THAT IS UNACCEPTABLE.
Downwinders and other groups are asking you to help respond to this continued delay in TWO ways:
1) CLICK HERE to send an email message to the Dallas City Council that says “Move the Mountain Now!”
It’s already written and addressed at our website’s “Featured Citizen Action” – all you have to do is fill in your contact information and click and away it goes. You can add your own message if you like as well.You may not be able to do much else right now, but you can send an email on behalf of these families.
2) Attend the Shingle Mountain Non-Violent Civil Disobedience training session This SUNDAY 2-5 pm
For the first time in our 26-year history we’re endorsing civil disobedience and training people who want to put themselves at risk of arrest on behalf of the Shingle Mountain families and those that want to support them when they do.
Last Sunday was our first training session. It attracted 20 people. We’re hosting another training session THIS SUNDAY 2-5 pm in Dallas at the GoodWorks
Co-Working space where Downwinders is headquartered. Masks are required and social distancing will be enforced. Training will occur outside.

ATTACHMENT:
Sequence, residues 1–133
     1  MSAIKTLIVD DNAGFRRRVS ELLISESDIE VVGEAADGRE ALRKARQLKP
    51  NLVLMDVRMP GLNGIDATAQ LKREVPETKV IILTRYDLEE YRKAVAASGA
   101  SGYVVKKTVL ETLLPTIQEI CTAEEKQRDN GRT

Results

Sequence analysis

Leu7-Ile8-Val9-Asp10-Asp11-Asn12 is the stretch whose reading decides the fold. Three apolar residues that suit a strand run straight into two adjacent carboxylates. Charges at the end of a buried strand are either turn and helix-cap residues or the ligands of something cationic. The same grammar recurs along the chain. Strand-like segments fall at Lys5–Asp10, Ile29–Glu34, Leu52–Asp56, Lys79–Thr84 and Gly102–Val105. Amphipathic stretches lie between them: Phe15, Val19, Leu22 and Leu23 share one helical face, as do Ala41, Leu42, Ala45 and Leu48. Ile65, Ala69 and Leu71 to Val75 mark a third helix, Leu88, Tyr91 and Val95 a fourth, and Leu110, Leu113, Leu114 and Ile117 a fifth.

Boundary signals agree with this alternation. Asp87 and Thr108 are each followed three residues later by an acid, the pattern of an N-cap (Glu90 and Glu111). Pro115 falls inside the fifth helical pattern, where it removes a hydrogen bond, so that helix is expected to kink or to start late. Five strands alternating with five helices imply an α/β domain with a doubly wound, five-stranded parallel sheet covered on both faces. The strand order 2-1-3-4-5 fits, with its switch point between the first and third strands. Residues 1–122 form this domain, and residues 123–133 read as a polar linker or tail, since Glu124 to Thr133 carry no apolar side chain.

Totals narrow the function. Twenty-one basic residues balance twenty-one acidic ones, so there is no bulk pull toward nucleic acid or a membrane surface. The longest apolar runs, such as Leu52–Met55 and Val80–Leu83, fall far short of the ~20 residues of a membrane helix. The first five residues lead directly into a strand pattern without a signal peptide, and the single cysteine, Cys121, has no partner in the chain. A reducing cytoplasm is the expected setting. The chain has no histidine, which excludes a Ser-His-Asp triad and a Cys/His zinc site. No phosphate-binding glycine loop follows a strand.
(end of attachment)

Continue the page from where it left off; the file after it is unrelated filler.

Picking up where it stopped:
In 2019, the threat of civil disobedience by Choate Street residents and their supporters was the only thing that got the City of Dallas to change its mind and close down active operations at Shingle Mountain. After another year of trying to
clean-up this on-going disaster with meetings, we’re tired of the City’s willful neglect and cruel delay that’s harming human health. We need to again show we’re willing to go to the mat for this outrage.
You don’t have to be sure you want to risk arrest. You just have to want to help. Support roles for those getting arrested are critical. Whether you want to risk arrest or provide support you must have this training.